A true story about China Airlines:
When Japan and the People's Republic of China signed their air transport bilateral agreement in the 1970's, the PRC made several demands on the Japanese government aimed squarely at the Republic of China. They demanded that Japan Airlines and All Nippon Airways halt their flights to Taiwan. They also made a more peculiar demand: that any airliner carrying the ROC flag be denied landing rights at any airport served by the PRC's airline, CAAC.
This last demand was all about CAL, which used the ROC flag as its logo. Under the new arrangement, they had to end their flights to Tokyo and Osaka to make way for CAAC. Later, a JAL subsidiary, Japan Asia Airways, came in to offer flights from Japan to Taiwan.
After the opening of New Tokyo International Airport in Narita, CAAC left the older Tokyo International Airport at Haneda, which was being redesignated as a domestic airport. Suddenly, China Airlines had a loophole to get back into the Japanese market. So CAL became the only international carrier at Haneda, using a miniscule little terminal that could barely accommodate their three daily 747 flights to Taipei.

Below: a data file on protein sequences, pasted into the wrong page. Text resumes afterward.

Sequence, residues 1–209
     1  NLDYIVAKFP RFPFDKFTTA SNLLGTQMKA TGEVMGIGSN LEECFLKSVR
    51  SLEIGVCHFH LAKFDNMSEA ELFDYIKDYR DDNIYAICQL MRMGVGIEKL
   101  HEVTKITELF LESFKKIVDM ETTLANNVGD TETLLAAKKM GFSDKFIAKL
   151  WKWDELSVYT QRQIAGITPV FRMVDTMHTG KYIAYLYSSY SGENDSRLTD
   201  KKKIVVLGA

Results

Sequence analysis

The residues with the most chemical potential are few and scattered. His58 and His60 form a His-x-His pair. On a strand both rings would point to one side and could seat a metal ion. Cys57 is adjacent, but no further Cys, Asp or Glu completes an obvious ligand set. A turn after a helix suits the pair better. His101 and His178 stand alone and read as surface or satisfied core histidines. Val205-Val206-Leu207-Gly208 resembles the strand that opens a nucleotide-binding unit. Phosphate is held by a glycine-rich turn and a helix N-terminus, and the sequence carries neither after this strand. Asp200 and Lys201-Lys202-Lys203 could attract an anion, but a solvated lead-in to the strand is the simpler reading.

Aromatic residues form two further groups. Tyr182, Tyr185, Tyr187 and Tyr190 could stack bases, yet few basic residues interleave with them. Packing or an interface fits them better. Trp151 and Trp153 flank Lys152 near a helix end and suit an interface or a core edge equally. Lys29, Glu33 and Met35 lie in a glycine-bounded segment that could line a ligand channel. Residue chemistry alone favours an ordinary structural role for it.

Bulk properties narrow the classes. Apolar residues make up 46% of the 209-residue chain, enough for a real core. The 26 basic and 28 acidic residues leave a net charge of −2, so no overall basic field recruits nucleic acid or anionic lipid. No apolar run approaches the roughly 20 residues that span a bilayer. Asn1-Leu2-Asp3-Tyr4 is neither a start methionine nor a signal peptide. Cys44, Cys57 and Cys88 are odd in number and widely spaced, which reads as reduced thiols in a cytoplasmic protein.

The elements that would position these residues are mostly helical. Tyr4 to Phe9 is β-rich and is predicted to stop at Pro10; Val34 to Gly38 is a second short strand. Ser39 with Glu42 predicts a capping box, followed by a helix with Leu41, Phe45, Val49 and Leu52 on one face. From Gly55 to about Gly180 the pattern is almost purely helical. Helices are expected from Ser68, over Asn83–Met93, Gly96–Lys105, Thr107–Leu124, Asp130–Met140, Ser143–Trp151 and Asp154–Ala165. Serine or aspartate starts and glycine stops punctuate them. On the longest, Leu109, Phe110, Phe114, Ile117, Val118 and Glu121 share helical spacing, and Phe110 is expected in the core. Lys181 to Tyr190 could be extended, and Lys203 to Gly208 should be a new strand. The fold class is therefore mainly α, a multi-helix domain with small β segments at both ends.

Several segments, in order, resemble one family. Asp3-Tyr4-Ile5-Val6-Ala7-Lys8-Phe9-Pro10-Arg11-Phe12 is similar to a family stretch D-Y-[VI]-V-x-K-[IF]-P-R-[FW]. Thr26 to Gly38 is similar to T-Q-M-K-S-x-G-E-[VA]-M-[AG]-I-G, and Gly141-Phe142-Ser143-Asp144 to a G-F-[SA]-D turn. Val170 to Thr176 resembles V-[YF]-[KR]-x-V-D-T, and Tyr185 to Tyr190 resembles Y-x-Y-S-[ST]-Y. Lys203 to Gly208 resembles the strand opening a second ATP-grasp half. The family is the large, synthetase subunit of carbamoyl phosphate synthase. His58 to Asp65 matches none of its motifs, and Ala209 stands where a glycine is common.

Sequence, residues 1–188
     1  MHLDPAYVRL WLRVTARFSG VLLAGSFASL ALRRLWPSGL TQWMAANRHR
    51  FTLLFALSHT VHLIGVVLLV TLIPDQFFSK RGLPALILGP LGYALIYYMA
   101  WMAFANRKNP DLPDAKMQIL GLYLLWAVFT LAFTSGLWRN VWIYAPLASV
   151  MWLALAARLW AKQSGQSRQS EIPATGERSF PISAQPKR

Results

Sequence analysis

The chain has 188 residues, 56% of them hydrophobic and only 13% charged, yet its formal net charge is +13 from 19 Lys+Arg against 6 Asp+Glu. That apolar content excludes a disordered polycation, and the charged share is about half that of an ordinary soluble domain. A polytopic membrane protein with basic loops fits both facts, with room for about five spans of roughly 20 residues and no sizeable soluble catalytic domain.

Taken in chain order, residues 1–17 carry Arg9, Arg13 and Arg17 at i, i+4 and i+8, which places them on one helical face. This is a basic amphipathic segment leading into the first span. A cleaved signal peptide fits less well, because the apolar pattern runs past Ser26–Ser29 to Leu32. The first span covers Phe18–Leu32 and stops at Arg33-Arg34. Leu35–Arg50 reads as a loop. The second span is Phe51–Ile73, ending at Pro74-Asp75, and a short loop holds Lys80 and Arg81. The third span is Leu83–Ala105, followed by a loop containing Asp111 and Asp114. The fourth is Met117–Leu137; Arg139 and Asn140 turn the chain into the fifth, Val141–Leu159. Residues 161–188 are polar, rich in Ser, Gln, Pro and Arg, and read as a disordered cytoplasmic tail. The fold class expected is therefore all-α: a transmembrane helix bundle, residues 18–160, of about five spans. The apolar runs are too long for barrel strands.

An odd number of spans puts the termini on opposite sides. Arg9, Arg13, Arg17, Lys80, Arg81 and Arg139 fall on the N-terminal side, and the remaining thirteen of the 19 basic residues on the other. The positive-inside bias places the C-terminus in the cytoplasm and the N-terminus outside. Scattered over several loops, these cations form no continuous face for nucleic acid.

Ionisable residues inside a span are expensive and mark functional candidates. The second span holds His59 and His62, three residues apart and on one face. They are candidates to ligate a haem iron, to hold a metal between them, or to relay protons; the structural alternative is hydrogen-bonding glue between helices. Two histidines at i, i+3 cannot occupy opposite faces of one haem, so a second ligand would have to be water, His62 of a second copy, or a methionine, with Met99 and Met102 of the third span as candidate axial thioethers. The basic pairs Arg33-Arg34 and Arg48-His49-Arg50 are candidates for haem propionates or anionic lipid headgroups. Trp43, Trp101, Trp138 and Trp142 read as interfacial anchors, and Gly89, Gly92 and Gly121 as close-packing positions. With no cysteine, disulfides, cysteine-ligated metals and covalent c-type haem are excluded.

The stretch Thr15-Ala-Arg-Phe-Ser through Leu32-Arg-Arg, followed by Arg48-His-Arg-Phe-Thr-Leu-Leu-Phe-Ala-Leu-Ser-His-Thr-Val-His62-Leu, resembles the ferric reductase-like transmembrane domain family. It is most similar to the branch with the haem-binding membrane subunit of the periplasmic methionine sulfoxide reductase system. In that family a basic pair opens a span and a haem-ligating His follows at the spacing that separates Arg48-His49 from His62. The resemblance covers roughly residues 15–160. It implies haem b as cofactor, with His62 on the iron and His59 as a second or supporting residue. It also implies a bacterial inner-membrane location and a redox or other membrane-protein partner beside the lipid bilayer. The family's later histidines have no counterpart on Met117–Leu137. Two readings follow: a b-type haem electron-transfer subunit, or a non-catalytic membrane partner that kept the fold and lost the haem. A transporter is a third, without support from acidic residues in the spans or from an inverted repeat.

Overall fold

This went on for a couple of decades. In the meantime, a new Taiwanese airline, EVA Air, had started flying from Taipei to Osaka. EVA, an airline operated and supported mostly by Taiwanese nationalists, would have rather taken a piss on the Kuomintang's flag than paint it on their planes, and since they didn't have the flag, they were exempt from the bilateral.
Once China Airlines changed to their cherry blossom paint scheme, they were also exempt from the bilateral, and in 2002, they moved their Tokyo flights from Haneda to Narita, smugly pulling into the terminal alongside planes from Air China. Thus, China lost a big battle to Taiwan: the battle over Japanese airspace.